It is essential that we have the name and contact details of all ride participants. Please complete our contact details form before coming on your first ride with us. If you are unable to complete the form, please send your name, address, phone numbers and Cycling UK membership number (if you have one) to firstname.lastname@example.org. (Data privacy statement.)
In Case of Emergency (ICE) card
We recommend that everyone riding with us should carry a mobile phone set to allow access to emergency contact details (for example, using with a Medical ID app). Otherwise, please carry one of our green ICE cards somewhere it will always be with you when you ride with us. Should we ever have to use it (we haven’t yet thank goodness) we would look in your saddle bag, your tool kit and your wallet/purse. Ask a Committee member about ICE cards at the start of any ride
You and Your Bike
Our club is about leisure rides with fine countryside, good company and good cafes, not racing. However, so rides can be completed in reasonable time, all our groups have a published average speed. On flat terrain and/or with a tail wind, riders will often travel a little above that speed, but this is compensated for by slower speeds uphill or against the wind; each ride’s average speed should be close to that published. Please try to choose a ride within your capabilities. Whilst leaders will do their best to keep a group together, if you find you are significantly slower than the group’s scheduled speed please be prepared to tell the leader that you are turning back.
You are welcome to participate in rides on any kind of bike that you can ride at your chosen group’s speed. It is your responsibility to ensure that your machine is safe, and legal to use on UK roads. If it is not, your third-party insurance from Cycling UK is likely to be invalid.
Riding in a group
If you have not ridden in a group before make sure to read the Cycling UK Group Rider Checklist. For a fuller guide to the etiquette of group riding see The Wheel Easy! guide to cycling in a group. The following points concern specific issues that have arisen repeatedly in the group.
Contacting the leader during your ride
In order to coordinate the ride effectively the leader needs to be informed about what the riders are doing. These mobile numbers are provided for that reason. Use these numbers if you have a problem during the ride and are unable to pass a message up the peloton. Be prepared to leave a voice message or text. The leader may not be able to take your call or reply immediately.
Leaders will sometimes choose a bridleway as a small part of a route. If you have concerns about this you should contact the leader before the ride or in Exhibition Square before you set off.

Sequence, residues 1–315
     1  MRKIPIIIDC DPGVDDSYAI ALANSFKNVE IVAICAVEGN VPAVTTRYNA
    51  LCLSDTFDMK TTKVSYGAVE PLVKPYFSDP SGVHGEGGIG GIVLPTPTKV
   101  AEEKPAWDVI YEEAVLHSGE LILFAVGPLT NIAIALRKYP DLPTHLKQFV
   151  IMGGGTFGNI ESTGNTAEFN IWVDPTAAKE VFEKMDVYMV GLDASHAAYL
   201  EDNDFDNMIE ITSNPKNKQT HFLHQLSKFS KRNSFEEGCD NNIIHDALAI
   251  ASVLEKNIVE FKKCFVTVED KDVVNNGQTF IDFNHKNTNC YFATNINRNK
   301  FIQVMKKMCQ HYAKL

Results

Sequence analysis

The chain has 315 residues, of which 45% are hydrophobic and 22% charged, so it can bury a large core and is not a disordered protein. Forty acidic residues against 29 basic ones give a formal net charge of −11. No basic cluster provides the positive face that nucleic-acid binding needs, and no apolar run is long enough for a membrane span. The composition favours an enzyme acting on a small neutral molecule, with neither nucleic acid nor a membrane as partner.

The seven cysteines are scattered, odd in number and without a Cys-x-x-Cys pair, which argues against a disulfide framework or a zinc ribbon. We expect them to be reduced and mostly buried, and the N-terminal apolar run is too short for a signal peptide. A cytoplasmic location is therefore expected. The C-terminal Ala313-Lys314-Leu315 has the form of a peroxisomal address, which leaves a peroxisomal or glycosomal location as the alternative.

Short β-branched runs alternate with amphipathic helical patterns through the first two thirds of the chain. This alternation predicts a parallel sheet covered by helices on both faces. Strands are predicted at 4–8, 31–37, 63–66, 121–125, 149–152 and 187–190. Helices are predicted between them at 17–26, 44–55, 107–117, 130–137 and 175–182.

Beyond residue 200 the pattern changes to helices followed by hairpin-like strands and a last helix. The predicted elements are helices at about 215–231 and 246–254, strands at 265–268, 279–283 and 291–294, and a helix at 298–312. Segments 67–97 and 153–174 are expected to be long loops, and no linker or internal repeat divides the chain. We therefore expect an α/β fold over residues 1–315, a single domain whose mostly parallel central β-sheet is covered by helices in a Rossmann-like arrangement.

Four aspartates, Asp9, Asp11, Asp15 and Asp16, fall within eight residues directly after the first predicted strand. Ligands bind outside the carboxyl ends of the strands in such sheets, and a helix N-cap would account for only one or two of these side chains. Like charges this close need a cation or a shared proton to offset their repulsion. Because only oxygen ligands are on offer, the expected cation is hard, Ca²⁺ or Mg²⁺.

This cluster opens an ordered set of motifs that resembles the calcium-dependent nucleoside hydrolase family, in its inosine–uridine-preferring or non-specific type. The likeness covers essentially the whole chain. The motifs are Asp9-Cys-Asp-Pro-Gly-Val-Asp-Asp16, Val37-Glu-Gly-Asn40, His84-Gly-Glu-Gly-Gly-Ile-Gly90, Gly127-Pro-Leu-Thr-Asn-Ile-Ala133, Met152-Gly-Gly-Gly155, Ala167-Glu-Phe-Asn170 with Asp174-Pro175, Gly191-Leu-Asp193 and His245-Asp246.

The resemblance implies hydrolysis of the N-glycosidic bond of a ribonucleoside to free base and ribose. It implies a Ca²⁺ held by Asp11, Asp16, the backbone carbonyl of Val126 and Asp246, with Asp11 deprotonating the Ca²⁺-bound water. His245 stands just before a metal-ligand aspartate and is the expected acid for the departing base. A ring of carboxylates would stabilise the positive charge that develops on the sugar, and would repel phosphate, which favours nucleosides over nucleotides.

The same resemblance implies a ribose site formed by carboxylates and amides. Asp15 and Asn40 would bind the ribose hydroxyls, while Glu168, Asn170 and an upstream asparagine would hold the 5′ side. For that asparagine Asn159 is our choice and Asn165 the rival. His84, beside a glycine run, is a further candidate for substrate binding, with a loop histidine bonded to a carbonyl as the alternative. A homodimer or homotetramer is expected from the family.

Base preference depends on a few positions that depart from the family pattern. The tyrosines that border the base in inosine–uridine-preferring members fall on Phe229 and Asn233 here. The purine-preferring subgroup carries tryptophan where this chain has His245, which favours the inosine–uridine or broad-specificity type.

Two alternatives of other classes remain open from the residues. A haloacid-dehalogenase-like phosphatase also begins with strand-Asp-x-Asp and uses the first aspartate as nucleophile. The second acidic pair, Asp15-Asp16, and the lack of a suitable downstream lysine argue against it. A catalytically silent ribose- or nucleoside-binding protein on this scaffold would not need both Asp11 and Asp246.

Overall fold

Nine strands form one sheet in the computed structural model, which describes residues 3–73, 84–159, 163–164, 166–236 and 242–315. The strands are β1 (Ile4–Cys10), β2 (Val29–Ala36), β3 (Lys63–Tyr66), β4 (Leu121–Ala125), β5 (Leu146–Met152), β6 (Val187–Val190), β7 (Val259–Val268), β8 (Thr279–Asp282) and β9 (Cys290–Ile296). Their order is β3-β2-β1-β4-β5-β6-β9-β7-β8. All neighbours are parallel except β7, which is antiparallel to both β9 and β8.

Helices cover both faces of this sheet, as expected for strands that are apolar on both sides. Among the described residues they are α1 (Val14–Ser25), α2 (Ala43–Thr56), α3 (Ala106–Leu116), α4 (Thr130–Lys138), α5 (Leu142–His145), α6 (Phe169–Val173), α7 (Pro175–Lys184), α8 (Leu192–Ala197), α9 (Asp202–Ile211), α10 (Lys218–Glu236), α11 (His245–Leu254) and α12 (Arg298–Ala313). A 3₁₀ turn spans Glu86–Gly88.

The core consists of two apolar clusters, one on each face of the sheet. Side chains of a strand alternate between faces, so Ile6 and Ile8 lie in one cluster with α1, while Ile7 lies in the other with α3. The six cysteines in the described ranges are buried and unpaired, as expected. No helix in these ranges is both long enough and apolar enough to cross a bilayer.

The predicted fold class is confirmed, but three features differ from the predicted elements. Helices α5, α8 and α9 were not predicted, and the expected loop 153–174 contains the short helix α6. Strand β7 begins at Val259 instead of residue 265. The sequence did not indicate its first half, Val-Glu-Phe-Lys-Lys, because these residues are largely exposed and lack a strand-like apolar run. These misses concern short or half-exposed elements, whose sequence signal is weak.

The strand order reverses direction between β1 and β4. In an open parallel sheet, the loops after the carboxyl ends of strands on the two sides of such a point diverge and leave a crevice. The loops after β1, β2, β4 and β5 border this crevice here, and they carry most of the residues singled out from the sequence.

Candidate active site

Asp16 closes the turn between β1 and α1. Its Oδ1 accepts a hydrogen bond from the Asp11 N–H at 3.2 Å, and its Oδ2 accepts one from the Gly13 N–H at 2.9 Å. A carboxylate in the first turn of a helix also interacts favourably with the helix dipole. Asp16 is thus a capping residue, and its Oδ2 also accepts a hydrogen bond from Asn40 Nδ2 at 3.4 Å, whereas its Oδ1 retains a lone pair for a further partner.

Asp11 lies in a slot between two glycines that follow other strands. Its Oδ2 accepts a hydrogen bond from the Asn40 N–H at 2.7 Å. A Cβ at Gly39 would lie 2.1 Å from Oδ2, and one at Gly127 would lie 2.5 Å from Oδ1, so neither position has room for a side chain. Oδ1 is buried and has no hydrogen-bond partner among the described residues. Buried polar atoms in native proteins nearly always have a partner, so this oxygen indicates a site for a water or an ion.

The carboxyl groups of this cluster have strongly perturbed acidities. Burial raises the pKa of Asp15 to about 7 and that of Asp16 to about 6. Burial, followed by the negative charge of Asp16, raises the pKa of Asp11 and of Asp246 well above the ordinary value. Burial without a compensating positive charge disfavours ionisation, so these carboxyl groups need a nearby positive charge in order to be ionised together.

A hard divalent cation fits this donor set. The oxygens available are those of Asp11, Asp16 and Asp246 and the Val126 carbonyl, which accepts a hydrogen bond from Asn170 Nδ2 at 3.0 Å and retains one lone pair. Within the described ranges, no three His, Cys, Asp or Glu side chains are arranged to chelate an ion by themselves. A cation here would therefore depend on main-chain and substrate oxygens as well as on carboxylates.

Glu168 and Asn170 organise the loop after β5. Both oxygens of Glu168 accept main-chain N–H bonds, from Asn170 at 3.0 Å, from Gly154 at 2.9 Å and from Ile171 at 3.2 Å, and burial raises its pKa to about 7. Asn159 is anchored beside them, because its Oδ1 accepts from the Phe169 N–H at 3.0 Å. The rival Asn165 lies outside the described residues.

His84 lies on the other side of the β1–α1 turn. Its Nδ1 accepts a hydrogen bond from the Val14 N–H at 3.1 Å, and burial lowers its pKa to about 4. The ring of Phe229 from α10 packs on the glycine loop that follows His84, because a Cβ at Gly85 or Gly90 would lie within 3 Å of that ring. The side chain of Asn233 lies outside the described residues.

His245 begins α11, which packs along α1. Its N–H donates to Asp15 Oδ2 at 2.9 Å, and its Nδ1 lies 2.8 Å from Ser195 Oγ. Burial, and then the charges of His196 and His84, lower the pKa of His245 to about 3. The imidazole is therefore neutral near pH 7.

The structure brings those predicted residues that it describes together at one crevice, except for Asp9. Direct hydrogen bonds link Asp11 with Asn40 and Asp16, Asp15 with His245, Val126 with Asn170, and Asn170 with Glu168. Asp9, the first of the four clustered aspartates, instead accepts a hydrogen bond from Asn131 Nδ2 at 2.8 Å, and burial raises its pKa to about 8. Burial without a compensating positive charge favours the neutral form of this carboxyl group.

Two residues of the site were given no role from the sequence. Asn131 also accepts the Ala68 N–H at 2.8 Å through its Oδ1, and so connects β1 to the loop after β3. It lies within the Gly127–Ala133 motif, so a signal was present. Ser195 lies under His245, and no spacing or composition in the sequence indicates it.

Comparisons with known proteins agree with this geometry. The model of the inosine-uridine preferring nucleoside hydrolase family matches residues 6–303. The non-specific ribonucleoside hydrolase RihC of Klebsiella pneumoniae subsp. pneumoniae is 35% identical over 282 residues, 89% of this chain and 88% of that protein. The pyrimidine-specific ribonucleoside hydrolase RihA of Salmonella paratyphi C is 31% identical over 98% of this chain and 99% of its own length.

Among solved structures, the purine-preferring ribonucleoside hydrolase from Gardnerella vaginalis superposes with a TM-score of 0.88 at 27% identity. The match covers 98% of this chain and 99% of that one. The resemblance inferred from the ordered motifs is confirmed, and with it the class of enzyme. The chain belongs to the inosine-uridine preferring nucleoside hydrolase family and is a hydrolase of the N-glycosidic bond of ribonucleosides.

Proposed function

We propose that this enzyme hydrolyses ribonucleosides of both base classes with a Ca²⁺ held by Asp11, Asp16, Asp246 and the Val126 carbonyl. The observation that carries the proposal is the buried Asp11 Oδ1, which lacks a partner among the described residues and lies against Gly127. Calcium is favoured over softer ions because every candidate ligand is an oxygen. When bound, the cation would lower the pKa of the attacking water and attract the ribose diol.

Make a gap
It is easy to get carried away chatting to other riders and to forget the needs of other road users. On roads where there is motor traffic all Wheelers should split into smaller sub groups leaving gaps in between to allow traffic to pass. The general rule is, if there are 8 or more riders immediately in front of you pull back and make a gap. Tell riders who come to overtake you that that is what you are doing.
Passing the leader
Riders in the group shouldn’t in general pass the leader. Your leaders will be trying to achieve a target average speed over the whole ride. Coming to the front to give the leader a rest by taking the wind is great. Overtaking the leader in order to push the ride speed up or just to show off is not acceptable. On no account must undue pressure be placed on another rider to speed-up or slow-down. Everyone is encouraged to stay together – we must not deter any member of the group from enjoying the ride.
Leaving the ride
On the way home riders will peel off at different points in the ride. When you are about to leave the ride, please try to inform the leader directly, or by passing a message up the peloton.
Please use a bike with mudguards and consider fitting an additional mudflap. If caught out without mudguards by unexpected wet weather please ride at the back of the group where you will not spray other riders.
We always intend to be back before dark but you should always take lights on those dingy winter days in case we are late back or just to be seen. If you have a very bright back light consider switching it to a dimmer setting when in the peloton so as not to dazzle the rider immediately behind you.
Our rides can only take place because of the members who volunteer to lead rides. Though it may seem daunting, leading a ride is not especially onerous. We can never have too many people willing to lead rides and the more there are the less often each person will have to do it. If you are regularly riding with us, you should be asking yourself if you could sometimes lead a ride. For most people, the answer should be yes.
If you feel you should do your bit but are not confident about leading a ride, just ask the Rides Coordinator, who will be delighted to arrange support from an experienced leader for your own first ride or two as leader.
Before the day, the main responsibilities of a leader are to plan the route and to contact any cafés planned for elevenses and lunch (the Rides Coordinator will usually have suggested the venues), to check that they can cater for 10 – 20 hungry cyclists. On the day, the leader will be the main route-finder and will aim to keep the group together and safe. Cycling UK publish a more detailed guide to leading group rides.